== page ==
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Crossover Schedules

A note of explanation goes with Dr. Reg Peart’s sample schedules and suggestions.  Dr. Peart is head coordinator of VOT (Victim of Tranquilizers).  He has in-depth knowledge of benzodiazepine withdrawal and years of experience helping people taper off benzos.  He believes that a more rapid crossover will ‘cover’ tolerance w/d more quickly, allowing for less distress during the process.

Dr. Peart is not suggesting a new ‘method’ of tapering that contradicts Dr. Heather Ashton.  Roche’s drug literature advises a more rapid crossover.   And Dr. Ashton has always said that each person should adjust the sample schedules as tolerated. 

Many lay people advise slowing down the crossover when one feels worse.  Dr. Peart does not agree with this and in fact believes that it keeps the person in high tolerance w/d even longer and for no medical reason.   

Sample Schedules by Dr. Reg Peart

 Table for Transition from 0.75 mg Clonazepam (Klonopin) to 15 mg Diazepam (Valium):

 Approximate equivalence for crossover 1 mg K = 20 mg V – Prof. C. H. Ashton

Day

9am

3.pm

Bedtime

Day 0

0.25mg K

0.25mg K

0.25mg K

Day 1

0.25mg K

0.25mg K

 5mg of V

Day 2

Same as Day 1

 

 

Day 3

5mg of V

0.25mg K

 5mg of V

Day 4

Same as Day 3

 

 

Day 5

5mg of V

5mg of V

5mg of V

Day 6

Same as Day 5

 

 

 If sleep is a problem, try: 

Day 7

4mg of V

4mg of V

7mg of V

 (Alternately, in the above schedule, the person can split their Clonazepam into parts as small as 0.125 mg and substitute each of those parts with 2.5mg Diazepam every other day.  The crossover would then take 16 days.)

 Subject to change depending on response.

 Table for Transition from 1.5 mg Xanax to 30 mg Valium

 Approximate equivalence for 1 mg (X) = 10 – 20 mg (D) – Roche values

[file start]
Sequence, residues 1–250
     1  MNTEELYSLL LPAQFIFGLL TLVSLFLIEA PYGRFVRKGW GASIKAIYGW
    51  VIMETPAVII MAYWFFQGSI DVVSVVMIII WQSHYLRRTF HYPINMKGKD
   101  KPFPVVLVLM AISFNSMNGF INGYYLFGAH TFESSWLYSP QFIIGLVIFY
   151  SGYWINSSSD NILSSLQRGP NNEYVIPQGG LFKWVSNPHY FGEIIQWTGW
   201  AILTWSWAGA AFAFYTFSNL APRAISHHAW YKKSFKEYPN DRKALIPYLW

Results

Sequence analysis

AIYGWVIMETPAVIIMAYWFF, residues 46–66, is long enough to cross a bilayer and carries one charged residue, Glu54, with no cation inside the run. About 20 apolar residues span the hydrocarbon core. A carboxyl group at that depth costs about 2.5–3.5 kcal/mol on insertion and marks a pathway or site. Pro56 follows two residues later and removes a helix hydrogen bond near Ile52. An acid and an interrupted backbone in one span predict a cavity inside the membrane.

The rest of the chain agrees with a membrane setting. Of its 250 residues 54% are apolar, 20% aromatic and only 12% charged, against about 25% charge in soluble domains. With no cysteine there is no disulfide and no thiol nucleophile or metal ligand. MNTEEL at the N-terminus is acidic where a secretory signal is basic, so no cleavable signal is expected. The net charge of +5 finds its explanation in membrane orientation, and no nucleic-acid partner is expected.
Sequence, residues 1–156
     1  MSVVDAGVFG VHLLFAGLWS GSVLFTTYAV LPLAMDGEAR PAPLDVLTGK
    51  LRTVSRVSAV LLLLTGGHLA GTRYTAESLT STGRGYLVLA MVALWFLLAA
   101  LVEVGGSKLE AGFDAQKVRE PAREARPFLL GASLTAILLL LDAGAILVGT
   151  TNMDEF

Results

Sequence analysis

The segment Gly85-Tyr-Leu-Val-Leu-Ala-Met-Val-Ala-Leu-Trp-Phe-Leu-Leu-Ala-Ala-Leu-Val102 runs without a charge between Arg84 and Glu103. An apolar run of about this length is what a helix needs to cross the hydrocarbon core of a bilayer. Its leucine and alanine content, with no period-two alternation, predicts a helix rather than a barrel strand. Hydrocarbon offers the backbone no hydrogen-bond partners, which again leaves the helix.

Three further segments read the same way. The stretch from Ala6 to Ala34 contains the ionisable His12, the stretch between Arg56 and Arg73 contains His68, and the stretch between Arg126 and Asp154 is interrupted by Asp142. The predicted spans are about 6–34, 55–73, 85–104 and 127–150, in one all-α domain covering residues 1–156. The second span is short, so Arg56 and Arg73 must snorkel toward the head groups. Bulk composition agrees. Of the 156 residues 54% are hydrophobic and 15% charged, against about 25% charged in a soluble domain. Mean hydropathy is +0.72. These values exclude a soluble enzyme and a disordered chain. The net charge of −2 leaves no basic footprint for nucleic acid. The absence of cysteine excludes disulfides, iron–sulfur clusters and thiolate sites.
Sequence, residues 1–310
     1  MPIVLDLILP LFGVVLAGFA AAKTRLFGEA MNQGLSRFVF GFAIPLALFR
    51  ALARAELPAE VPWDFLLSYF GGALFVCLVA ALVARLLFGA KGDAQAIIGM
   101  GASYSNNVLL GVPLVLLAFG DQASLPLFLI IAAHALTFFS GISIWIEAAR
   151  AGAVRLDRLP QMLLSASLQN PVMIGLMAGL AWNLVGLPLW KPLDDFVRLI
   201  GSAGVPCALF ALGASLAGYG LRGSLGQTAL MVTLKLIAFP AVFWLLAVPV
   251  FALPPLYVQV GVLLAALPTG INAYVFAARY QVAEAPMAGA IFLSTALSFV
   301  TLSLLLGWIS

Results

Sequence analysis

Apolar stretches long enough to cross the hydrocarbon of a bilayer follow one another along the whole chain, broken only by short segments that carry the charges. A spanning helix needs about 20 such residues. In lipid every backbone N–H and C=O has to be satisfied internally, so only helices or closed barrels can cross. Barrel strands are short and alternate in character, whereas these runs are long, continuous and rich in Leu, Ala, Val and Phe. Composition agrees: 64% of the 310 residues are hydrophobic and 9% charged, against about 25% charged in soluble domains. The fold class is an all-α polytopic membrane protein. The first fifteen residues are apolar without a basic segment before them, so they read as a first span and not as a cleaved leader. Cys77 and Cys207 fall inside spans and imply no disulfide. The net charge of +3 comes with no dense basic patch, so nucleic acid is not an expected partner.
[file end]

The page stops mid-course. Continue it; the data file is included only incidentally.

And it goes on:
Approximate equivalence for withdrawals 1 mg (X) = 20 mg (D) – Prof. C. H. Ashton 

Day

7.00am

3.00pm

11.00pm

Day 0

0.5mg of X

0.5mg of X

0.5mg of X

Day 1

0.5mg of X

0.5mg of X

0.25mg X & 5mg of V

Day 2

Same as Day 1

 

 

Day 3

0.5mg of X

0.5mg of X

10 mg of V

Day 4

Same as Day 3

 

 

Day 5

0.25mg X & 5mg of V

0.5mg of X

10 mg of V

Day 6

Same as Day 5

 

 

Day 7

10 mg of V

0.5mg of X

10 mg of V

Day 8

Same as Day 7

 

 

Day 9

10 mg of V

0.25mg X & 5mg of V

10 mg of V

Day 10

Same as Day 9

 

 

Day 11

10 mg of V

10 mg of V

10 mg of V

Day 12

Same as Day 11

 

 

 If sleep is a problem, try: 

Day 13

7mg of V

8mg of V

15mg of V

 Subject to change depending on response.

 Table for Transition from 1.0 mg Lorazepam & 10 mg Ambien to 15 mg Valium

 Approximate equivalence for crossover 1 mg Lorazepam = 10 mg V and 10 mg Ambien = 5 mg V – Prof. C. H. Ashton                       

Day

AM

Afternoon

PM

Day 0

0.5mg of L

0.5mg of L

10mg of  A

Day 1

0.5mg of L

0.5mg of L

5mg of A & 2.5mg of V

Day 2

Same as Day 1

 

 

Day 3

0.5mg of L

0.5mg of L

5 mg of V

Day 4

Same as Day 3

 

 

Day 5

0.25mg of L & 2.5mg of V

0.5mg of L

5 mg of V

Day 6

Same as Day 5

 

 

Day 7

5 mg of V

0.5mg of L

5 mg of V

Day 8

Same as Day 7

 

 

Day 9

5 mg of V

0.25mg of L & 2.5mg of V

5 mg of V

Day 10

Same as Day 9

 

 

Day 11

5 mg of V

5 mg of V

5 mg of V

Day 12

Same as Day 11

 

 

 If sleep is a problem, try: 

Day 13

4mg of V

4mg of V

7mg of V

 Subject to change depending on response.

 If during the transition period you begin to feel more tired than normal, this generally indicates that the diazepam is "kicking in" - proceed with no additional increases (above those planned). 

It would be anticipated that a patient who is working and has family commitments could take a minimum of 18 months for the taper to be complete. Often the dose taper is not linear. The last one-third dose reduction can be as long as the first two thirds. 

The process of withdrawing from other benzos under the cover of diazepam is a trial and error procedure. About 95% achieve it with a 1-week approximate change over period. This change over period is Phase I. 

Phase II is the steady state accumulation period. Diazepam metabolizes into the active metabolites: desmethyldiazepam, oxazepam and temazepam with an overall half-life of about 9 days. Ninety percent of steady state accumulation is achieved in 3.3 half lives i.e., about 30 days which should be the approximate length of Phase II and results in an accumulation of about 5 times the daily dose level. The long half-life (about 200 hours) ensures a constant level in the body and blood and prevents interdose withdrawals as long as severe tolerance effects are not in operation. Tolerance to long half-life benzo anxiolytic effects start after 2 to 6 months.